Sanders' victory here caps a remarkable milestone for the self-described democratic socialist. Since announcing his unlikely campaign in April, the Vermont senator has developed a cult-like following of supporters and rallied the Democratic Party's progressive base, exposing serious vulnerabilities in Clinton's candidacy.
To a jubilant crowd gathered at a local high school gymnasium here, Sanders thanked his supporters for helping to send a message that he said would "echo from Wall Street to Washington, from Maine to California."
"And that is that the government of our great country belongs to all of the people, and not just a handful of wealthy campaign contributors and their super PACS," Sanders boomed.
He reminded the hundreds that were gathered here that his campaign had no organization and no money when it first launched nine months ago. But now, Sanders promised, the enthusiasm and energy behind his "political revolution" could take him all the way to the White House in November.
"Because of huge voter turnout -- and I say huge! -- we won," Sanders said, a reference to one of GOP front-runner Donald Trump's favorite catchphrases. "We harnessed the energy and the excitement that the Democratic Party will need to succeed in November."
The striking momentum behind Sanders' underdog campaign had also been on full display last week, when Clinton barely managed to eke out a win in Iowa. Clinton, whose 2008 defeat in that state to then-Sen. Barack Obama dealt a devastating blow to her first White House bid, celebrated the razor-thin margin victory.
But since Iowa eight days ago, Clinton has openly acknowledged that she has her work cut out for her -- particularly in boosting enthusiasm among younger voters.
It was a message she echoed in her concession speech on Tuesday night.
"I know I have some work to do, particularly with young people," she said. "Now we take this campaign to the entire country. We're going to fight for every vote in every state."
The polls heading into New Hampshire showed Sanders holding a consistent and sizable lead over Clinton. Even as Clinton campaigned throughout the state, her team was careful to downplay expectations heading into Tuesday.
In recent weeks, Clinton and her allies had signaled that they saw little hope of winning the Granite State. They had pointed out, for example, that Sanders had the advantage of hailing from the neighboring state of Vermont.
"We're doing everything we can to mobilize our supporters in these final hours," Clinton press secretary Brian Fallon told CNN's Wolf Blitzer Tuesday afternoon. "But there's no question that the favorite today is Sen. Sanders."
Sanders' victory Tuesday -- while widely expected -- is nevertheless consequential as the Democrats eye their next contest in Nevada on February 20.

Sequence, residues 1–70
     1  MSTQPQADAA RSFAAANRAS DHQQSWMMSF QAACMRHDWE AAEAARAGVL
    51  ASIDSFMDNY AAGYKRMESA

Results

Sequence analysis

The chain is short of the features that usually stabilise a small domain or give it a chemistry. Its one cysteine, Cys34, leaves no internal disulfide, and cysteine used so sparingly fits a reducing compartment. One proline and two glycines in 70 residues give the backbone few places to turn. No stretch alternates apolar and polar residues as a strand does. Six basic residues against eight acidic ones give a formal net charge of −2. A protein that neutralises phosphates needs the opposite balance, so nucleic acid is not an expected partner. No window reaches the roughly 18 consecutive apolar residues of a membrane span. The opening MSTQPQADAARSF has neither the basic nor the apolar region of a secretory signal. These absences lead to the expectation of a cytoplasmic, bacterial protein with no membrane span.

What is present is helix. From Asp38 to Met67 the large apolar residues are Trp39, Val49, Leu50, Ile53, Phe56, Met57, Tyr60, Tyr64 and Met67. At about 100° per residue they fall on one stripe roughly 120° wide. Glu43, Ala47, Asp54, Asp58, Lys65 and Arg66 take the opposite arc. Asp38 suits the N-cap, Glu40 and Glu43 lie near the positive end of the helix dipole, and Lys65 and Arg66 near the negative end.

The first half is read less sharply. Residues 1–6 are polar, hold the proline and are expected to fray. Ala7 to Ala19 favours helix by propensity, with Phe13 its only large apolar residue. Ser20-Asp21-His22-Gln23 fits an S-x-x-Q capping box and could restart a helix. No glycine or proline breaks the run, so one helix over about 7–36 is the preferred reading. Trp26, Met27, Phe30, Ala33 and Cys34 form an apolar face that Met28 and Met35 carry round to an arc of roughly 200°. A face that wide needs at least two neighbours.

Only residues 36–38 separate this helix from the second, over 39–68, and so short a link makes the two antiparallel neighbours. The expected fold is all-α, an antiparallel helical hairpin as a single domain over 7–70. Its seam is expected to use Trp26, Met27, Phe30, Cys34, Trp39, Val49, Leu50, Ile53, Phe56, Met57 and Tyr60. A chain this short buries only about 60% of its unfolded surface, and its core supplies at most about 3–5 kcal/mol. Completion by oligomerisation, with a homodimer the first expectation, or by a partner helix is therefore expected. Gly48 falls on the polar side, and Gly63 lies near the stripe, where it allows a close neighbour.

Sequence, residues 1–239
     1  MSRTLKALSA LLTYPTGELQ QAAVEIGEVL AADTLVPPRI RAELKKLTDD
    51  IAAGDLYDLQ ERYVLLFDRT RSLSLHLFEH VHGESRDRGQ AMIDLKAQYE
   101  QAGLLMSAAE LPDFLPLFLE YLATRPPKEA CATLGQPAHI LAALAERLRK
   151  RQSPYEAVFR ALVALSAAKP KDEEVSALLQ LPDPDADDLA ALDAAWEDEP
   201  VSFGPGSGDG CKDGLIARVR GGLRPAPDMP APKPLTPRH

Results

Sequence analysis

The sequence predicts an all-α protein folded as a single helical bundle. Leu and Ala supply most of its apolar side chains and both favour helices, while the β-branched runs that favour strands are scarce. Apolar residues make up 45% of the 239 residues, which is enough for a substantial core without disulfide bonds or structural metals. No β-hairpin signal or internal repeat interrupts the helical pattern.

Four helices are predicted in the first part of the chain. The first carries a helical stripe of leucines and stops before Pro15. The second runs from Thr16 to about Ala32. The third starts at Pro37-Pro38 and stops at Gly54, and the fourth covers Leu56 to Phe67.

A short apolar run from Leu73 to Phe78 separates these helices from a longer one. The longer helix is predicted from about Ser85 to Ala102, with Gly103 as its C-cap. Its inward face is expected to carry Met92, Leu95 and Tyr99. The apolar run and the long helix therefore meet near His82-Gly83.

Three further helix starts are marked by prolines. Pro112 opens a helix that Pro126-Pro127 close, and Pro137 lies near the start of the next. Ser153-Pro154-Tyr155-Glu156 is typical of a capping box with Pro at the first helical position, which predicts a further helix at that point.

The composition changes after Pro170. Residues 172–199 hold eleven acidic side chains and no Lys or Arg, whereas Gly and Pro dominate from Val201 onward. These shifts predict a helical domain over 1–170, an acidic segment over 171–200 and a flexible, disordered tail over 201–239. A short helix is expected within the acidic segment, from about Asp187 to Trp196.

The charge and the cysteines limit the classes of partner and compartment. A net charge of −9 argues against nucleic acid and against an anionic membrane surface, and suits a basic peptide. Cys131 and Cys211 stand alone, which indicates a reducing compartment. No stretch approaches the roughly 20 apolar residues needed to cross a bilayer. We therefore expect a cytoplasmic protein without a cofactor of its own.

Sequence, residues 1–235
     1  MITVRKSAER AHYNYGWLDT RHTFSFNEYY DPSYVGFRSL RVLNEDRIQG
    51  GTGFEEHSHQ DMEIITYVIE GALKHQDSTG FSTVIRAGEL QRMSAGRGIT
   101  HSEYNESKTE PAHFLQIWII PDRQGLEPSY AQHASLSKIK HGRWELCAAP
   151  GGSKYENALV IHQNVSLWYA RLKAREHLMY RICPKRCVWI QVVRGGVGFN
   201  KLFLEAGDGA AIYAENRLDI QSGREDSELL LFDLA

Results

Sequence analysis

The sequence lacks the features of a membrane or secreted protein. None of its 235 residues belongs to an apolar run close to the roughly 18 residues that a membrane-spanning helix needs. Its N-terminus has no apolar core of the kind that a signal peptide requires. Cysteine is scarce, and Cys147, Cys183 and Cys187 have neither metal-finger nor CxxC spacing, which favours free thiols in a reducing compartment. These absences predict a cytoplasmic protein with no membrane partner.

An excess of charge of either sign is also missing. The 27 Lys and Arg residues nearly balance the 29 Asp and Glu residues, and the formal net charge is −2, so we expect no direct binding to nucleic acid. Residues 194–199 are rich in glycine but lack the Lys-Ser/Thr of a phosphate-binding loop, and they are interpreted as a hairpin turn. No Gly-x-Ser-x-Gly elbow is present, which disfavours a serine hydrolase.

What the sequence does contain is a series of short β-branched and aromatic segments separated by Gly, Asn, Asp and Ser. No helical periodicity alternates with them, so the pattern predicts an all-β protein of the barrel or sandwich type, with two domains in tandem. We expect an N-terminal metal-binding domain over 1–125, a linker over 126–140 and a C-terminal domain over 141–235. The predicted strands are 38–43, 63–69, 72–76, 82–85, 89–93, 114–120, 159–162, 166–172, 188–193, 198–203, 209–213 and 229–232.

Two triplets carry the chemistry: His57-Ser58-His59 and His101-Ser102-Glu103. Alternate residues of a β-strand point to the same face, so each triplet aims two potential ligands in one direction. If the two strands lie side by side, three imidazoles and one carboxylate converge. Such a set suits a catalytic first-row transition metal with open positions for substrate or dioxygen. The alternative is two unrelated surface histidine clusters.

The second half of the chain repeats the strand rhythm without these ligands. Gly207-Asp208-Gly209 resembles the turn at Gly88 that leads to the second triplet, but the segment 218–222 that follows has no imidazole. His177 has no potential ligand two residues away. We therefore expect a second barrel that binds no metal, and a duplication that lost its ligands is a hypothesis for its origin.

Polling data from there has shown Clinton with a distinct lead in the state, where her campaign has been on the ground for many months.
But Sanders and his allies are committed to giving Clinton a tough race in Nevada. They've invested in their campaign infrastructure on the ground, and hope to use their strong finishing New Hampshire to boost their viability as they move on to Nevada, South Carolina and the March contests.
Moments after the state was called for Sanders, the senator's senior strategist, Tad Devine, told reporters at his victory party in Concord that they simply had a "better campaign."
"We are a better-organized campaign. We have more people on the ground. And as of today, I believe we have more resources, campaign to campaign, to expend," Devine said, when asked about the Clinton campaign's contention that she can put away the race in March.
The Clinton camp issued a memo Tuesday night that sought to highlight the campaign's long-game -- and dissuade supporters from focusing too much on the more immediate outcomes in New Hampshire, Nevada and South Carolina.
"The nomination will very likely be won in March, not February, and we believe that Hillary Clinton is well positioned to build a strong -- potentially insurmountable -- delegate lead next month," campaign manager Robby Mook wrote.
The political attacks between the two candidates have grown increasingly sharp and personal in recent weeks -- a trend that's likely to continue heading into Nevada. Sanders has overwhelmingly focused his attacks on the speaking fees the former secretary of state received from Goldman Sachs and her ties to Wall Street.
Clinton, meanwhile, has charged that Sanders is living in a fantasy and has unrealistic policy proposals, and Clinton allies have even accused Sanders backers of leveling "sexist" attacks against Clinton.